While not directly related to the BP oil spill, emerging energy companies have been offered a window to introduce their products to a public that may be fairly receptive to new energy ideas. For example, Ginkgo BioWorks has engineered E. coli bacteria so that it converts carbon into transportation fuels. And Bill Gates has funded TerraPower, a company that uses depleted uranium (previously viewed as nuclear waste) to create clean energy. Will emerging leaders in private industry like Gingko BioWorks and TerraPower be able to create momentum with their products and reduce our dependence on oil?

5. Us

Many of us may have ties to the Gulf Coast, but unless you are a resident, it is difficult to imagine the sheer magnitude of this disaster. Yet the constant coverage of the oil spill has the potential to push the disaster to the background while more novel stories slowly grab the spotlight. After all, that's the nature of modern media. Some have already issued a call to arms. But the larger question remains: will we learn and apply lessons from this disaster, continue to focus attention on clean up efforts, and help reduce the odds that a future event like this occurs?

This disaster will have widespread implications for years. It has already hurt the fishing, tourism and oil industry in the Gulf Coast, and other supporting businesses. In the long term, it has the potential to impact oil consumption habits and shape future drilling policy. But the above are the major themes we've been following. What story lines have you noticed, and how will leaders have an impact?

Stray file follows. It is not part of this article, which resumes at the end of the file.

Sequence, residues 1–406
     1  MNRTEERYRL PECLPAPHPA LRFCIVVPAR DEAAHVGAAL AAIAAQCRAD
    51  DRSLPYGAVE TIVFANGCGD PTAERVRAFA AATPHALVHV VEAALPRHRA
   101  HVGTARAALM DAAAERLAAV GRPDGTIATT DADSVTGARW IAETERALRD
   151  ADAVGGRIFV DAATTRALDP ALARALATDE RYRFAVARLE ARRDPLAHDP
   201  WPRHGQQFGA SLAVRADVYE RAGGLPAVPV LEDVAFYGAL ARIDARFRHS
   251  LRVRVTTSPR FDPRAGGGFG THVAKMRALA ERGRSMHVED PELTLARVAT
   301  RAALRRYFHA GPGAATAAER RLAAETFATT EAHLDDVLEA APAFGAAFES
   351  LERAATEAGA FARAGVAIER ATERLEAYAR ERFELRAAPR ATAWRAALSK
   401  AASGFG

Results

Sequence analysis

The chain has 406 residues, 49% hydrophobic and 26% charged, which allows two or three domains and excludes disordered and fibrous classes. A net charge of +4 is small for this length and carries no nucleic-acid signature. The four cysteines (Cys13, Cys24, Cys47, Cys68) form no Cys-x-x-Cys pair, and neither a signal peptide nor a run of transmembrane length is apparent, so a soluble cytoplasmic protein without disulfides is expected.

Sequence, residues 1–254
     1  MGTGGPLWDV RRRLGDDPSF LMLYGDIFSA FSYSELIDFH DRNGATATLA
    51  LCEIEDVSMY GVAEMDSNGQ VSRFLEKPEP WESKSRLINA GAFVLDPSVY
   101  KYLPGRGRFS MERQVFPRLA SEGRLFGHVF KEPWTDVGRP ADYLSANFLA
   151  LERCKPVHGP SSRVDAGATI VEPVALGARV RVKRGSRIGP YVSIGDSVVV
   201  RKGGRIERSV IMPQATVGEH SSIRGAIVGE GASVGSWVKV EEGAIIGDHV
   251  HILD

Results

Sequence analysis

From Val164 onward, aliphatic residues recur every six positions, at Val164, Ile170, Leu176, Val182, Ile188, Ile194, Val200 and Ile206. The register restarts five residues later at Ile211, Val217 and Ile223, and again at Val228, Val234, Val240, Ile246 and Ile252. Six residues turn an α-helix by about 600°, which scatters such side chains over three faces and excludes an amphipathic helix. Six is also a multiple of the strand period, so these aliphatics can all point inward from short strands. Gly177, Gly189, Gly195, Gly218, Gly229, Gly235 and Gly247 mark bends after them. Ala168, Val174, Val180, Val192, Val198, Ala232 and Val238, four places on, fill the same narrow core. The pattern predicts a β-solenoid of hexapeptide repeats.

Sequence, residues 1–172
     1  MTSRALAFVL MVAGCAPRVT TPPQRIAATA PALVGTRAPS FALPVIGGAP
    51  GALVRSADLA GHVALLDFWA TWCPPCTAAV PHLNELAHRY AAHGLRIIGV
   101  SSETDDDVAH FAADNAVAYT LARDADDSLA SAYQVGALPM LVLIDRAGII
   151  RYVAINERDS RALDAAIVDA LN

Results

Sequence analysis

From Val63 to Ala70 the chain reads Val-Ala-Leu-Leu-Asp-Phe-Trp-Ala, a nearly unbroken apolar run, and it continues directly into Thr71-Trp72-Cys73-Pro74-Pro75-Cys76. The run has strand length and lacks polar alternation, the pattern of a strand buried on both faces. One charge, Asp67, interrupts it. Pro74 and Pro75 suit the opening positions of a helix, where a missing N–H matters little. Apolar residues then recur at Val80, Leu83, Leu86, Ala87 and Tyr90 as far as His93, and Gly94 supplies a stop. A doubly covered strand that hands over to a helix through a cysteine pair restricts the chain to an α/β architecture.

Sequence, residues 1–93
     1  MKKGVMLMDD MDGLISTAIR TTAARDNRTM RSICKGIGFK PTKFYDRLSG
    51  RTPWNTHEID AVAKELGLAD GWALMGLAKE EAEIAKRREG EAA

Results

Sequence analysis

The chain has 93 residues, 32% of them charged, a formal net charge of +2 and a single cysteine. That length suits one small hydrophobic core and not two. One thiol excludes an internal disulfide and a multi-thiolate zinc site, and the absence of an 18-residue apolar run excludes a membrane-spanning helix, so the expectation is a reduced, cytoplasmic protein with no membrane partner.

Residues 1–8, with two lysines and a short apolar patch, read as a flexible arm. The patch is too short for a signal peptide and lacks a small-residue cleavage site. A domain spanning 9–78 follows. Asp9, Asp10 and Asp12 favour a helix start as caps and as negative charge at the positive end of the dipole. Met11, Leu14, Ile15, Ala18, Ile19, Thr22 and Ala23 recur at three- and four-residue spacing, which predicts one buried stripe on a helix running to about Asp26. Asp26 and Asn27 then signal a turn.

Have an idea for what we should write about next? Be in touch at info@menoconsulting.com or visit us at Meno Consulting.

By Joe Frontiera  |  July 4, 2010; 9:39 PM ET  | Category:  Leadership Save & Share:  Send E-mail   Facebook   Twitter   Digg   Yahoo Buzz   Del.icio.us   StumbleUpon   Technorati  
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The US Government has promised transparency in all matters pertaining to the Gulf Disaster. Maybe it is time to seek further assurances that the sea food is truly safe to eat, the air is truly safe to breathe and that the rains which are falling, supposedly to nourish the land, are not toxic at all. Assurances too that BP will pay your claims!! ....... And yes Virginia, there really is a Santa Claus.

A final word Mr. President: Are you feeding seafood from the Gulf of Mexico to your children? Are you going to send them down to the Gulf for a vacation, to play on the sand and breathe in the air? Will they go swimming in the warm waters also?


Posted by: justmeint | July 7, 2010 5:11 AM

Disaster recovery goes far beyond food, water and medicine. It's about infrastructure, education, economy and emotional healing. A new documentary shows what disaster recovery looks like in the long-term, by examining three survivors of the 2004 tsunami in Southeast Asia. "Kepulihan: Stories from the Tsunami" follows the lives of three survivors over the course of the four years immediately following one of the worst natural disasters in human history. It will air on ABC on November 21, 2010. For more information, please visit our website at www.thetsunamifilm.com, or find us on Facebook by searching for "Kepulihan: Stories from the Tsunami."

Posted by: peggy9 | July 6, 2010 10:39 AM